For Dolly, a complete life includes another marriage, yes, and also eating at Harmonia Gardens, but most importantly the ability and the funds to help people. She marries Horace because she likes him and also because she knows how to responsibly spread his money around. In this light, it’s possible the film isn’t actually a love affair between a woman and a chicken dinner after all, but rather one between a socially-minded logistician and the staff of the restaurant she loves. No wonder we jump to our feet when we see them dancing together. This is the best of what we can be: a society that supports its members because it is our moral duty and the core of our humanity. I think of the many virtual tip jars that have sprung up in recent weeks, allowing people to tip service industry workers who are out of work. I think of the restaurants that have organized GoFundMe drives to support their staffs. I think of the myriad ways we aren’t allowing the people who create the spaces we love to fall through the cracks in times of crisis so that one day, soon, we can return to Harmonia Gardens again.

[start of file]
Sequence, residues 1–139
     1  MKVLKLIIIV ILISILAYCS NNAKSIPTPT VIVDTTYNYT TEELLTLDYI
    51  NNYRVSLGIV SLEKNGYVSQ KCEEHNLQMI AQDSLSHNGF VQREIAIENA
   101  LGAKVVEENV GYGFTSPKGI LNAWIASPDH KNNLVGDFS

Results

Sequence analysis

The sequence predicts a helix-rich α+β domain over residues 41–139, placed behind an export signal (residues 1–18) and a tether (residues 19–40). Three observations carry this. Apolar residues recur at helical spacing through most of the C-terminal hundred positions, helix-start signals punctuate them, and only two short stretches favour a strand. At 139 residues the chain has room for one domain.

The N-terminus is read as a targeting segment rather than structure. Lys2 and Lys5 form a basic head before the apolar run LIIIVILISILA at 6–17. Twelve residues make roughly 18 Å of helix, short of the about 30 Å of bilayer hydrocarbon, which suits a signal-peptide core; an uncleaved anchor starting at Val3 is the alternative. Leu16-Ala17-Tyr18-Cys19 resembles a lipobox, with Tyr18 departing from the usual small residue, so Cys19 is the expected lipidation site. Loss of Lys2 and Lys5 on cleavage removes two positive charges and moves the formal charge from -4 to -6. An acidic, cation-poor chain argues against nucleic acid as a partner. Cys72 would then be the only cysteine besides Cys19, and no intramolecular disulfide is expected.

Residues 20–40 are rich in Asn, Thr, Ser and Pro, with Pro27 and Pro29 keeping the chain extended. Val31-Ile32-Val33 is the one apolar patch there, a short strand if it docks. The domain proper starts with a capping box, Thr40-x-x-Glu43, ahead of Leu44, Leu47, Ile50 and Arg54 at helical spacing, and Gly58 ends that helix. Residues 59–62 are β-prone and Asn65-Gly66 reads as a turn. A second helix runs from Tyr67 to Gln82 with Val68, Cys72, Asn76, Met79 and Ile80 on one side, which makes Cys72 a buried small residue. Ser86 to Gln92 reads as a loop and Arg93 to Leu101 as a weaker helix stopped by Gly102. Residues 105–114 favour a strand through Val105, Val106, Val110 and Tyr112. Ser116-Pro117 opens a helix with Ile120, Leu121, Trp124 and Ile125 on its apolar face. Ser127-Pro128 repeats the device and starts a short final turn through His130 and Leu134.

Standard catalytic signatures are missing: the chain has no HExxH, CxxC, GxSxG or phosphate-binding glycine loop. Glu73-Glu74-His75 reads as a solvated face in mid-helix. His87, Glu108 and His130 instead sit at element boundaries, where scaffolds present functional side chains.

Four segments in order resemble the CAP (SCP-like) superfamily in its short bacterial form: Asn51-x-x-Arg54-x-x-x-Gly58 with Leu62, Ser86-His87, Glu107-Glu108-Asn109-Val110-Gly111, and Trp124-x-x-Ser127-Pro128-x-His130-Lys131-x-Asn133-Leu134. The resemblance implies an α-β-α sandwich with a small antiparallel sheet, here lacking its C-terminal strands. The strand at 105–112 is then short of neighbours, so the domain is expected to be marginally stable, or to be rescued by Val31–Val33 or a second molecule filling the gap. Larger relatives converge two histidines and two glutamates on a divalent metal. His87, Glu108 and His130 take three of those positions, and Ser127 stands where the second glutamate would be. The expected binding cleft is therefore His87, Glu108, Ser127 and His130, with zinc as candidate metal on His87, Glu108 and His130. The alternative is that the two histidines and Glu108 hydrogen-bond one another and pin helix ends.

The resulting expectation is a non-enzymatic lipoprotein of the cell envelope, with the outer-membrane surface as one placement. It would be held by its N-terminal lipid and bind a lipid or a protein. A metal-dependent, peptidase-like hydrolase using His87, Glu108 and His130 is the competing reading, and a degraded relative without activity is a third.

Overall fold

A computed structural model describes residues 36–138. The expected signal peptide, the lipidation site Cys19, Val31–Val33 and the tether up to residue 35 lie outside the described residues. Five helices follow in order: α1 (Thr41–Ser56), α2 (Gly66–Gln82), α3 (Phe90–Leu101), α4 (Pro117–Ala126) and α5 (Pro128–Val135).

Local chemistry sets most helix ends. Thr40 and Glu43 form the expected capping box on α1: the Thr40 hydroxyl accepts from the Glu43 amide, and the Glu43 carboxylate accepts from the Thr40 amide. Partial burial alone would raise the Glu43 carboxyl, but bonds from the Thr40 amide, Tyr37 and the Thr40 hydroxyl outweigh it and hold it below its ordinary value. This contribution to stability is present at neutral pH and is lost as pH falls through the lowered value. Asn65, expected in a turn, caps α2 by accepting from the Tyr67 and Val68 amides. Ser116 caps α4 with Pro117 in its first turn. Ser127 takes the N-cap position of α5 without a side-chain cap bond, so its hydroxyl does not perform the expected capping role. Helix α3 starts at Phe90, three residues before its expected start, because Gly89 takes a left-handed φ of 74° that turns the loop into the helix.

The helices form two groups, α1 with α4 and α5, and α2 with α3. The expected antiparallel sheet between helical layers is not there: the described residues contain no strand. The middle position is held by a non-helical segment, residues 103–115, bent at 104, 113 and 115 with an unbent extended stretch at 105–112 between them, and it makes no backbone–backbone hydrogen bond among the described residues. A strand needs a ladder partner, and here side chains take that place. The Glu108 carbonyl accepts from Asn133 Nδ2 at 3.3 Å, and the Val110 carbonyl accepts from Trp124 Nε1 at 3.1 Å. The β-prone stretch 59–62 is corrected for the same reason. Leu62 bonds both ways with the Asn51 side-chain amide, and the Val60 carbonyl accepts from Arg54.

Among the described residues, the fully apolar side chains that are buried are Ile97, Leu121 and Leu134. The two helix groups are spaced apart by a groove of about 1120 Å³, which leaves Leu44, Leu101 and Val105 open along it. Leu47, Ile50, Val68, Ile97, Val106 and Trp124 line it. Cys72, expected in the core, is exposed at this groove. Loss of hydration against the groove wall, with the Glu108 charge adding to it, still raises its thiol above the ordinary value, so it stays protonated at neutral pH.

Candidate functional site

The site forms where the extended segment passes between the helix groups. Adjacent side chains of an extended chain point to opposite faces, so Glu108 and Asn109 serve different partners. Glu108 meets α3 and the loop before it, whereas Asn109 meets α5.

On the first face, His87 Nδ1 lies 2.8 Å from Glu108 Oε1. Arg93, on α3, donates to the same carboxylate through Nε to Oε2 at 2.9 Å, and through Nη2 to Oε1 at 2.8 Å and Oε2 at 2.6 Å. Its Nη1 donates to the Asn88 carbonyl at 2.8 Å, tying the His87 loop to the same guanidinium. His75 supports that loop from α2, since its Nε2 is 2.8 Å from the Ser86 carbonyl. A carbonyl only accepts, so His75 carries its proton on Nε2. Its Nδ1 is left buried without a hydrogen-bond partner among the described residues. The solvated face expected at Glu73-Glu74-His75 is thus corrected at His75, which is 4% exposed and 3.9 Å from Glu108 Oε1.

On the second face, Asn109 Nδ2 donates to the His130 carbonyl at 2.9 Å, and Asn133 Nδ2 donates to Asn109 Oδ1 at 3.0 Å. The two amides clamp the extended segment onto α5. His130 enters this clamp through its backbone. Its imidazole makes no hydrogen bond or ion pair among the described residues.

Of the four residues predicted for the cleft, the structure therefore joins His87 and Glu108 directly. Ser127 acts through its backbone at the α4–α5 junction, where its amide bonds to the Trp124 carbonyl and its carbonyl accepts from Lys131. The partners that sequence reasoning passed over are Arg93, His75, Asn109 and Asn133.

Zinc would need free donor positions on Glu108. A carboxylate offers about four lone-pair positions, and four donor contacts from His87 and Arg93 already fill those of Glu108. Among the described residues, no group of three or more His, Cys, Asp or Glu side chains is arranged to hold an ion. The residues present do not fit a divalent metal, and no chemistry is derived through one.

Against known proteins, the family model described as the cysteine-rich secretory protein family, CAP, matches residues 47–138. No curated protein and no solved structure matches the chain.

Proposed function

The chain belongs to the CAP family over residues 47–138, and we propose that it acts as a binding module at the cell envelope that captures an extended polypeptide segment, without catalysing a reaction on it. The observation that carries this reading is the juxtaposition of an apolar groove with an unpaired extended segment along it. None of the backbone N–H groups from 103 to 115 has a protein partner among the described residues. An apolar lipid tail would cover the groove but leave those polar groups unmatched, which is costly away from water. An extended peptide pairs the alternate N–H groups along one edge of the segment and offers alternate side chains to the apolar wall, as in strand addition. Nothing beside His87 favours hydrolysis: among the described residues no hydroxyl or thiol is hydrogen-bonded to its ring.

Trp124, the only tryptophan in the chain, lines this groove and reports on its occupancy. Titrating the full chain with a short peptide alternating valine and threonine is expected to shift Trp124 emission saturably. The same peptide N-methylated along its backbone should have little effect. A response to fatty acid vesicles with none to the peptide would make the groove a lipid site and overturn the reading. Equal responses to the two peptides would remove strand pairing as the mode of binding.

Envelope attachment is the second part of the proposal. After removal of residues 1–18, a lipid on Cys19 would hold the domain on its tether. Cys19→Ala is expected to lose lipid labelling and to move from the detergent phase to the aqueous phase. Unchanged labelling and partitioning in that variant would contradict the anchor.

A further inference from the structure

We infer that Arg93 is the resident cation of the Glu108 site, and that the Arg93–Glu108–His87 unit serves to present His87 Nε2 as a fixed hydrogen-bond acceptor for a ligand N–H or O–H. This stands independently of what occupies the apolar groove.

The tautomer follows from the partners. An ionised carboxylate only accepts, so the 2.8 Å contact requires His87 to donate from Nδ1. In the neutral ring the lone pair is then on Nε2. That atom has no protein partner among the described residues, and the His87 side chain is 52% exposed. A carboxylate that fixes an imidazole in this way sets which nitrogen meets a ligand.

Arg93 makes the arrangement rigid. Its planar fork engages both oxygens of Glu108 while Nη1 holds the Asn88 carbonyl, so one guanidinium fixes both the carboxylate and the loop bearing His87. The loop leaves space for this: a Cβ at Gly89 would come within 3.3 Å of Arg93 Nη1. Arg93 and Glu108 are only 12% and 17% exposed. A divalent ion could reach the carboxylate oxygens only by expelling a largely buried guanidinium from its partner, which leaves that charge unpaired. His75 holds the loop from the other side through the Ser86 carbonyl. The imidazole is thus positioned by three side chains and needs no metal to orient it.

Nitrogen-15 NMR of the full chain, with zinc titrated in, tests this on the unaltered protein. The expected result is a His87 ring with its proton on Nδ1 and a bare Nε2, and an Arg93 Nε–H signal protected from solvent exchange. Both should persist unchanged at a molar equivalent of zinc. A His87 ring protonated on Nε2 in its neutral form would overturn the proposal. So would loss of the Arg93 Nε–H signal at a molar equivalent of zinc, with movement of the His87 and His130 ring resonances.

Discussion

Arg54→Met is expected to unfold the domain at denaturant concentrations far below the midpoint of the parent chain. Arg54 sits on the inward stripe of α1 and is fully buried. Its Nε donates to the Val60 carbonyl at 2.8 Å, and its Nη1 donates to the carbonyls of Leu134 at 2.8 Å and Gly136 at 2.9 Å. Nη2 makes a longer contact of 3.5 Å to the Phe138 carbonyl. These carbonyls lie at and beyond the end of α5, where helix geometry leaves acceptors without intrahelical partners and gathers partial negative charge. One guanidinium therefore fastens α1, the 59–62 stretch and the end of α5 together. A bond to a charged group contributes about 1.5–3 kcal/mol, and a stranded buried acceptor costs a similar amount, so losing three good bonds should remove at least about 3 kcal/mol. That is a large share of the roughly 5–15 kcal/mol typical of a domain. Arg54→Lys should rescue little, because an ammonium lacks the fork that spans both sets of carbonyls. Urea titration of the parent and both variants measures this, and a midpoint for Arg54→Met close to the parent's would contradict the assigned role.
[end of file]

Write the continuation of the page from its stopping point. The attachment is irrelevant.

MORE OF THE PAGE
R Eric Thomas is a Senior Staff Writer at ELLE.com, home of his daily humor column “Eric Reads the News,” which skewers politics, pop culture, celebrity shade, and schadenfreude.